Professional Engineers Get in Front of Flooding
In June 2013, heavy rainfall triggered catastrophic flooding across southern Alberta, submerging one-quarter of the province and causing 32 states of emergency. Five lives were lost in the disaster that caused $6 billion in financial losses and property damage.
Determined to avoid similar devastation in the future, professional engineers are developing ways to prevent Mother Nature’s rivers and tributaries from overwhelming our communities in the first place.
Developing and improving monitoring techniques
In the civil engineering department at the University of Calgary, professional engineer Mamdouh El-Badry, PhD, is working on improving monitoring techniques so flaws or weaknesses in buildings and bridges can be found and fixed before natural disasters hit.
Dr. Badry says bridges are currently checked visually for potential issues every two years, and buildings every five, but his research may make it possible to increase the frequency and accuracy of these inspections.
“In collaboration with geomatics engineering researchers, we are developing image-based techniques to detect surficial cracks and fractures, determine their width and extent, and investigate their causes and effects,” he explains.
“We are also developing vibration-based techniques that allow us to detect and identify internal and hidden damages and flaws and estimate their severity. This information can help infrastructure owners and managers make decisions on the necessary measures for maintenance and repair.”
Using digital cameras and sensors to detect vibrations and movements, Dr. Badry can remotely track traffic, snow, and spring run-off on bridges. He says his techniques can be developed to be used in different types of structures.
Dr. Mamdouh El-Badry, P.Eng., (right) is developing and improving monitoring techniques that can detect weaknesses in bridges and buildings, enabling the faults to be fixed before natural disasters hit.
Building the High River floodgate
As part of its ongoing flood-mitigation strategy, the Town of High River made a series of infrastructure improvements to its Centre Street Bridge in 2018, including the installation of a sliding floodgate on the south side of the bridge.
“The town needed something that could be deployed quickly, and some of the more common solutions—such as stop logs—take too long to deploy,” says professional engineer Reiley McKerracher, High River’s director of engineering, planning, and operations. “The gate itself also has redundancy built in. It can deploy through the control panel, but in the event of a power outage, it can be manually deployed as well.”
The track the gate slides on was designed so it can be covered during the winter months—shielding it from grit and allowing for snow plowing—and opened when the gate is in use.
The project wasn’t without its challenges: “The biggest issue was dealing with traffic,” says McKerracher, noting that Centre Street is the main corridor between the north and south parts of High River.
“Most of the work was done with a lane closure and a set of temporary signal lights to control traffic on a short, single-lane portion of the road. There were periods when the road had to be completely shut down, which created even larger traffic-management issues.”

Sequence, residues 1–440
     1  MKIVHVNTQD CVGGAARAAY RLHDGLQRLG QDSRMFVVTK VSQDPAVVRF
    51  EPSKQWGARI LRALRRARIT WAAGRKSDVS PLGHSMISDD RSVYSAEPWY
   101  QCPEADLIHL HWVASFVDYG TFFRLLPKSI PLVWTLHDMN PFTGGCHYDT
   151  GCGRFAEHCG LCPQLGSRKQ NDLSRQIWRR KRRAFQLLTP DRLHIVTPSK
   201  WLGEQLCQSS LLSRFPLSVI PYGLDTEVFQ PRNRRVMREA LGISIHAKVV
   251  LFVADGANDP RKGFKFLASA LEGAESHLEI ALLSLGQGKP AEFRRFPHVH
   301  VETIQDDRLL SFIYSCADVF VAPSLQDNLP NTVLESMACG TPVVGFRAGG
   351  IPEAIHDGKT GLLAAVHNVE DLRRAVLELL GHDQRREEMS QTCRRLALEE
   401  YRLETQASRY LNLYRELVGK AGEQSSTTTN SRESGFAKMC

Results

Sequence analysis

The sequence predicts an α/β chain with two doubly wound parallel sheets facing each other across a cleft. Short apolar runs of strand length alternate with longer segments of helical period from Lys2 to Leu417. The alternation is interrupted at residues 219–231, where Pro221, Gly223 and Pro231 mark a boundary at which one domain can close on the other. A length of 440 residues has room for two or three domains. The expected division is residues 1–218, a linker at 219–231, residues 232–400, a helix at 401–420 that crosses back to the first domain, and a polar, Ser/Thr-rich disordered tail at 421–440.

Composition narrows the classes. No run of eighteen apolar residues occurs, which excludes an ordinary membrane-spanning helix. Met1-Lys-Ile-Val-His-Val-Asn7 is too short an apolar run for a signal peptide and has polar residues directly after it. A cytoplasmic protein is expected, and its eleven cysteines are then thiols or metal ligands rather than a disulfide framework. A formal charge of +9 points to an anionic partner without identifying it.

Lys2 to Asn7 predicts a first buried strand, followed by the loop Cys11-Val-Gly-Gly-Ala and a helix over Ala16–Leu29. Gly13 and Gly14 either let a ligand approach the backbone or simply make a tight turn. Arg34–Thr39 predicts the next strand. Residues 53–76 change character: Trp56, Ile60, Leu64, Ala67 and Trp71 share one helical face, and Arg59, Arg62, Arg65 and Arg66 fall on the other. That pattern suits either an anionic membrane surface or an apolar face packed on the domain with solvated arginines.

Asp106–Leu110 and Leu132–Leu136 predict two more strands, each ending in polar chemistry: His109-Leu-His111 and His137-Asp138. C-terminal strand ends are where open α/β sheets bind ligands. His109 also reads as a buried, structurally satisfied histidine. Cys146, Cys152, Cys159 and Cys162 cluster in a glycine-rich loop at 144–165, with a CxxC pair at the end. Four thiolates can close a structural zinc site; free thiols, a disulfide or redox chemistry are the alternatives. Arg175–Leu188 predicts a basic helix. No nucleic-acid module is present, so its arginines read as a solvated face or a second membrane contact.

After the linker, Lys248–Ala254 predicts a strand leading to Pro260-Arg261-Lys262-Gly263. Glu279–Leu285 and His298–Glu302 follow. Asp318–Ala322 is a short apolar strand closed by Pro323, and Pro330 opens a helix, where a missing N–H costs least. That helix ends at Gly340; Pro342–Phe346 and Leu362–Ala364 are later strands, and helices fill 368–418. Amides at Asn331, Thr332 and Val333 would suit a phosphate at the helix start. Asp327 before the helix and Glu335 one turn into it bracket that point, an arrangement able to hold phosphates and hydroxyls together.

Though the gate hasn’t had to perform in a real-life scenario yet, it’s tested every spring to make sure everything is functioning as it should.
The High River floodgate stretches across the south end of the Centre Street Bridge. If the Bow River floods in the future, as it did in 2013, the gate can be closed to keep the water from reaching the town.
Creating future protection for the Calgary Zoo
The Calgary Zoo was also affected by the 2013 flood, with repairs alone costing $50 million. Once the water receded, the zoo commissioned the creation of a comprehensive flood-mitigation strategy that would protect more than $300 million of infrastructure well into the future.
ISL Engineering and Land Services and Associated Engineering answered the City of Calgary’s call for the design and implementation of the mitigation plan.
Early on, the need for flood protection above and below the ground surface was realized—when the river rises, so does the groundwater. A cofferdam perimeter wall was used to isolate St. George’s Island, the Bow River site of most of the zoo, and was combined with a dewatering system to manage stormwater runoff and groundwater levels.
ISL and Associated used hydrogeological modelling to select the appropriate dewatering system—one that was simple, reliable, and cost efficient. The flood model was refined and calibrated with the performance data gathered, and final tests confirmed that one-in-100-year flood protection had been accomplished.
After the project’s completion, the Calgary Zoo logged what it called its best year ever, in 2018. The zoo will continue its work—safe and without fear of flood— as a leader in wildlife conservation.
After the 2013 flood cost the Calgary Zoo $50 million in repairs alone, the zoo commissioned the planning and creation of a flood-mitigation strategy that would provide protection for years to come.